I have to admit, I have been too jet lagged to keep up with the numbers and graphs that have gone flying past. All the talks from this meeting will go online (including my jet lagged talk). Rather then do a poor job summarizing things here, I’d encourage you to look at the twitter messages under hash tag #CAP2010 and watch for the results to be posted. Read the journals. Get things first hand.

I know a lot of science communicators – journalists, amateur observers, spacetweeps, teachers, and others – read this blog. You too are part of changing this field. The journals I named above to not require a PhD to publish results. As we build our new field, I would challenge all of you to evaluate what you do, track outcomes, learn what triggers people going from passively paying attention to astronomy that randomly appears in front of them (go go guerrilla sidewalk astronomers) to actively seeking astronomy content (and maybe even becoming sidewalk astronomers themselves).

Be part of the dialogue. Together, we are astronomers.


  1. Chris March 17, 2010 at 6:46 am #

    This is so very true at many levels…I wish I was there in South Africa to join in the discussion

  2. Oana Sandu March 17, 2010 at 6:50 am #

    Inspiring post!!

    Good luck at CAP and keep us posted


  3. amanda March 17, 2010 at 7:21 am #

    sign me up!!

    but where…? i’m still searching.

  4. pamela March 17, 2010 at 7:31 am #

    At the most practical level, the dialogue is through the journals (AER and CAPjournal). ON a more official level, commission 55 of the IAU is working to define ways to be part of the international movement. On a lower level, I’m going to be working with commission 55 to define a new media community once my IYA evaluations are behind me.

  5. John Daigle March 17, 2010 at 8:46 am #

    Thank You!

    I am constantly being told not to focus on teaching, because the real value is in research, but the reason I want a PhD is to teach!

    I’m in the field I’m in because I read two books, both popular, both about computation (Gödel, Escher, Bach and Complexity). Without popularization, primary and secondary school kids can’t get an impression of the field and have their interest sparked.

    And without popular curiosity, science funding for all the “valuable” research is constantly in jeopardy. The Hubble Telescope is a great case in point: it’s still going because people love the pictures! They want to see what’s out there, but if no one was taking the time to share that with them, they wouldn’t care.

  6. Alice March 17, 2010 at 11:08 am #

    But for some of us in Astronomy Education (especially when we’re not in universities) publishing is seen as extra, on-the-side, and we’re not given the time or resources to put together papers that would support this field.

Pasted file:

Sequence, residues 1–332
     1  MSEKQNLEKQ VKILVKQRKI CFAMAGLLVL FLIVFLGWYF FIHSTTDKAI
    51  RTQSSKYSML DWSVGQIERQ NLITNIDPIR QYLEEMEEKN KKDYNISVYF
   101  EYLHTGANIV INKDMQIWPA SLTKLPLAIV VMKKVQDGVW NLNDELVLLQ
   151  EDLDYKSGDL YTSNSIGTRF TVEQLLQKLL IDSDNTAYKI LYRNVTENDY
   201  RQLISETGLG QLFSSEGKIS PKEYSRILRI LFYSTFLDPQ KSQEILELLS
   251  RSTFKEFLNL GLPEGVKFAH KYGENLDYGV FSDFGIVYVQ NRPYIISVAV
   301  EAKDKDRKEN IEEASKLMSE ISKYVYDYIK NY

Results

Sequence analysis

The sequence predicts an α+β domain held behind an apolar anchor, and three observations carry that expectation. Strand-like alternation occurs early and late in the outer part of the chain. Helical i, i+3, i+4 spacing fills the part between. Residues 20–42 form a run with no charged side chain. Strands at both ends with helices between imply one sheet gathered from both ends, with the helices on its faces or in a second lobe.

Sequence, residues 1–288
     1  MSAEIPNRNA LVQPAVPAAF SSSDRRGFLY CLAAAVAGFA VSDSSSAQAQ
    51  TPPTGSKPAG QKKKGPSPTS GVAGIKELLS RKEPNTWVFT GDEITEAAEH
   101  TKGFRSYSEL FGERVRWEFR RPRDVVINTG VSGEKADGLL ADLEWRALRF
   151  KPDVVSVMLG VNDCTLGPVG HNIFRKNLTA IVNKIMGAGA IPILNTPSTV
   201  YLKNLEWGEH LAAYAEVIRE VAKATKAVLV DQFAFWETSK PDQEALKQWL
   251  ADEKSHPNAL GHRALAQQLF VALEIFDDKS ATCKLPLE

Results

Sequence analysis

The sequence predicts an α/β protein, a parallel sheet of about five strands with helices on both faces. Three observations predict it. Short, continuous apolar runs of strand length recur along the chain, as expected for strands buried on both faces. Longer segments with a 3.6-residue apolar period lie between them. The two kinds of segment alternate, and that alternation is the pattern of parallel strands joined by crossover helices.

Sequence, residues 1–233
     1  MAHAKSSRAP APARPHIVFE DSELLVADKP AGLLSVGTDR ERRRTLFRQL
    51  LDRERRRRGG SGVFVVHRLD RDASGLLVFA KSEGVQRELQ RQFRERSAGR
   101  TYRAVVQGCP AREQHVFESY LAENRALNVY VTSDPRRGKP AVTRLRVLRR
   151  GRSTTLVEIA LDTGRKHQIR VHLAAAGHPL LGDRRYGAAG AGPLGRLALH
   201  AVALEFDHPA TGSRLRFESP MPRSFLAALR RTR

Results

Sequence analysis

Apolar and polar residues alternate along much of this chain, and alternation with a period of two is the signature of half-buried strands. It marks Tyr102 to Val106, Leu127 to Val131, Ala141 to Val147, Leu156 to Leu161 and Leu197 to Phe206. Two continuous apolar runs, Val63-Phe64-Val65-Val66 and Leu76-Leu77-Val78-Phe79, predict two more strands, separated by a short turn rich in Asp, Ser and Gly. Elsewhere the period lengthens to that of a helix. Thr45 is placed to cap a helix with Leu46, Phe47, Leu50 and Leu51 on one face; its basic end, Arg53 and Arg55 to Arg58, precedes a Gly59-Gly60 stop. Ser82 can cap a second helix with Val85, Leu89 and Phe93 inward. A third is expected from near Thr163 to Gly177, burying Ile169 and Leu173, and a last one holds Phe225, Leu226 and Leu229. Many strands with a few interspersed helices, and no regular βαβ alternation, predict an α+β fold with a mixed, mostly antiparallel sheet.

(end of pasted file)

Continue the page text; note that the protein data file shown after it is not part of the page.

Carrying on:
It’s like research professionals and education professionals are valued for diametrically opposed contributions.

    Also, a large number of educators aren’t trained in putting together a scientifically-acceptable paper, so when we do find the time to write one it is less rigorous than one might hope.

    I also see a lot of grants going by that require an outreach or education component – that should help the research professionals value ed, right?

    P.S. Are there researchers who do not value the contributions of Carl Sagan and Philip Morrison?

    I’m not saying it isn’t done or it can’t be done. I’m pointing out some difficulties.

    How can we work together to overcome these hurdles?

  7. Emily Almond March 17, 2010 at 6:03 pm #

    I am an open-source software project manager (and former journalist) by trade and have come to call myself an amateur astronomer largely due to your podcast and blog.

    I have become an avid reader of popular science books and have lately started dialing down from general science to astronomy to astrophysics now to theoretical astrophysics and routinely reading about the battle between the cyclical vs. big bang theories. It has been deeply gratifying to know that I can educate myself to this extent without having to have pursued an advanced degree in physics.

    That said, I have a Masters in Information
    Architecture, and as I read your post above, it occurs to me that there are so many ways to contribute to the sciences that have become our passion – so many ways to converge our talents to create new disciplines.

    Astro-info-architect-reporter? Physics-project-manager-writer? Jabberwocky?Who knows!

    So, as I continue to mull over how my path may evolve, I want to congratulate you for paving the way.. your ability to synthesize the science, the ideas behind the science and the ability to communicate and entertain with both in mind is groundbreaking.

    I look forward to what we all are becoming.